Non-IgE-mediated gastrointestinal food allergies in children

Jean Christoph Caubet, Hania Szajewska, Raanan Shamir, Anna Nowak-Węgrzyn

Research output: Contribution to journalReview articlepeer-review

Abstract

Non-IgE-mediated gastrointestinal food allergic disorders (non-IgE-GI-FA) including food protein-induced enterocolitis syndrome (FPIES), food protein-induced enteropathy (FPE), and food protein-induced allergic proctocolitis (FPIAP) are relatively uncommon in infants and young children, but are likely under-diagnosed. Non-IgE-GI-FA have a favorable prognosis, with majority resolving by age 3–5 years. Diagnosis relies on the recognition of symptoms pattern in FPIAP and FPIES and biopsy in FPE. Further studies are needed for a better understanding of the pathomechanism, which will lead eventually to the development of diagnostic tests and treatments. Limited evidence supports the role of food allergens in subsets of constipation, gastroesophageal reflux disease, irritable bowel syndrome, and colic. The immunologic pathomechanism is not fully understood and empiric prolonged avoidance of food allergens should be limited to minimize nutrient deficiency and feeding disorders/food aversions in infants.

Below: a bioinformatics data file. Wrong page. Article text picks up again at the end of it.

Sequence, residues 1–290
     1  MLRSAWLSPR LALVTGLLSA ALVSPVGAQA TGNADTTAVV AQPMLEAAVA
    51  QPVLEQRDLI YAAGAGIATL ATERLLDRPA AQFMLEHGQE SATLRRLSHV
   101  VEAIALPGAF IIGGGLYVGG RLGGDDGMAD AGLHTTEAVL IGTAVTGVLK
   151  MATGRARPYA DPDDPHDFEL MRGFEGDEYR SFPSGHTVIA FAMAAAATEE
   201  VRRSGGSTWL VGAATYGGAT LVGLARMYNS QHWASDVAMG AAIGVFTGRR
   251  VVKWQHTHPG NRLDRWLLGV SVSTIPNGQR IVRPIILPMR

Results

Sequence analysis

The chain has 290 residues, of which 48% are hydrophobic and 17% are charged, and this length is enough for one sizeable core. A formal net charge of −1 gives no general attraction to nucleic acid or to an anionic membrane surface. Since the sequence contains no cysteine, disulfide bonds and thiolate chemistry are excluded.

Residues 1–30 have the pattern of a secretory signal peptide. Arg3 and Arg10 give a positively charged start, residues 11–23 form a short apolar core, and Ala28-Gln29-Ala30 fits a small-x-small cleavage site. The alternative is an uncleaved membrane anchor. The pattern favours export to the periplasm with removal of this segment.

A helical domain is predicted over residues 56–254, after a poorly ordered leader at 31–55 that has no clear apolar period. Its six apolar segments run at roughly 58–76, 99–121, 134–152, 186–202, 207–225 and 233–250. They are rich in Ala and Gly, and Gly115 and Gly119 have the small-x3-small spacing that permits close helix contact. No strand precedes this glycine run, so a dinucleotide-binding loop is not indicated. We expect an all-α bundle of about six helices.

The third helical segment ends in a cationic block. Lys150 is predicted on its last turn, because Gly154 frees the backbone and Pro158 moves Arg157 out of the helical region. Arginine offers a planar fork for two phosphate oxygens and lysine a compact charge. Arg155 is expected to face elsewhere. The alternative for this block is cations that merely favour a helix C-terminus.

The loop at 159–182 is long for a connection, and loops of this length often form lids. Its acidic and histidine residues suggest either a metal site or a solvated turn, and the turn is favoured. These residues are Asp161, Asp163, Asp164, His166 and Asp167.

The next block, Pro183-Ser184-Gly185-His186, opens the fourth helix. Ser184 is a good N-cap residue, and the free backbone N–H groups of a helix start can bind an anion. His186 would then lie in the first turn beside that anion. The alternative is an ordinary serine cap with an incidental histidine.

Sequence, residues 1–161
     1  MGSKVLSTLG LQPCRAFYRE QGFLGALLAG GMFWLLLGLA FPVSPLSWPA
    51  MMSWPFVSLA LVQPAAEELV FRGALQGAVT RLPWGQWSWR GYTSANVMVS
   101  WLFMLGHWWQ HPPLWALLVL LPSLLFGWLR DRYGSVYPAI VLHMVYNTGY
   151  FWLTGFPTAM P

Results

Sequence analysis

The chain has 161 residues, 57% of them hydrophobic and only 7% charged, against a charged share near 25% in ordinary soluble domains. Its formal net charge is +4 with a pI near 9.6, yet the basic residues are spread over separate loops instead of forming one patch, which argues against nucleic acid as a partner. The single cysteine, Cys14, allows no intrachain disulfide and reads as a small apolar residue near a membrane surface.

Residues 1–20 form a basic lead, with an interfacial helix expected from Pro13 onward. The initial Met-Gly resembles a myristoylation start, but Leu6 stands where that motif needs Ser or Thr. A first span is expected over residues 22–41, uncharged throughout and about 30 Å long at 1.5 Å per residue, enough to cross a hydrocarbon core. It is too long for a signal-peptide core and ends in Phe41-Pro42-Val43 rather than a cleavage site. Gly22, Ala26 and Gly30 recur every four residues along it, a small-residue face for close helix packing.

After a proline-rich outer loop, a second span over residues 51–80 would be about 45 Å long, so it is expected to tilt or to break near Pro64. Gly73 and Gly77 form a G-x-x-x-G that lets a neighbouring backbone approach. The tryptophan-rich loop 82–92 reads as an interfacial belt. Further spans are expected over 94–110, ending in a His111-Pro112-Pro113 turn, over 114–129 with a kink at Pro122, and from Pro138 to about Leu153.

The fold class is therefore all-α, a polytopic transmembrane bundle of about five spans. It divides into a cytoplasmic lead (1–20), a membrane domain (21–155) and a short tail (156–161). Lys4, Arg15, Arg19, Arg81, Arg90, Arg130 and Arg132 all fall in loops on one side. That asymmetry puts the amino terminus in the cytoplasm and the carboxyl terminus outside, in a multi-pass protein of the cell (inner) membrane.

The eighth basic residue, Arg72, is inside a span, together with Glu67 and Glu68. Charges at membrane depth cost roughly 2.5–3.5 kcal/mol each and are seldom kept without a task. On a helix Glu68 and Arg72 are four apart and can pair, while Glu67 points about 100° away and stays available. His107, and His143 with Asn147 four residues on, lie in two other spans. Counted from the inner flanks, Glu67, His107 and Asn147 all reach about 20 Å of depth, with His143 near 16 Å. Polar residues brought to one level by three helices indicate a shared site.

Original languageEnglish
Pages (from-to)6-17
Number of pages12
JournalPediatric Allergy and Immunology
Volume28
Issue number1
DOIs
StatePublished - 1 Feb 2017

Keywords

  • allergic proctocolitis
  • celiac disease
  • constipation
  • fermentable oligosaccharides, disaccharides, monosaccharides and polyols
  • food allergy
  • food protein-induced allergic proctocolitis
  • food protein-induced enterocolitis syndrome
  • food protein-induced enterocolitis syndrome
  • food protein-induced enteropathy
  • food protein-induced enteropathy
  • gastroesophageal reflux
  • gastroesophageal reflux
  • gastroesophageal reflux disease
  • gastroesophageal reflux disease
  • gastrointestinal food allergy
  • irritable bowel syndrome

Fingerprint

Dive into the research topics of 'Non-IgE-mediated gastrointestinal food allergies in children'. Together they form a unique fingerprint.

Cite this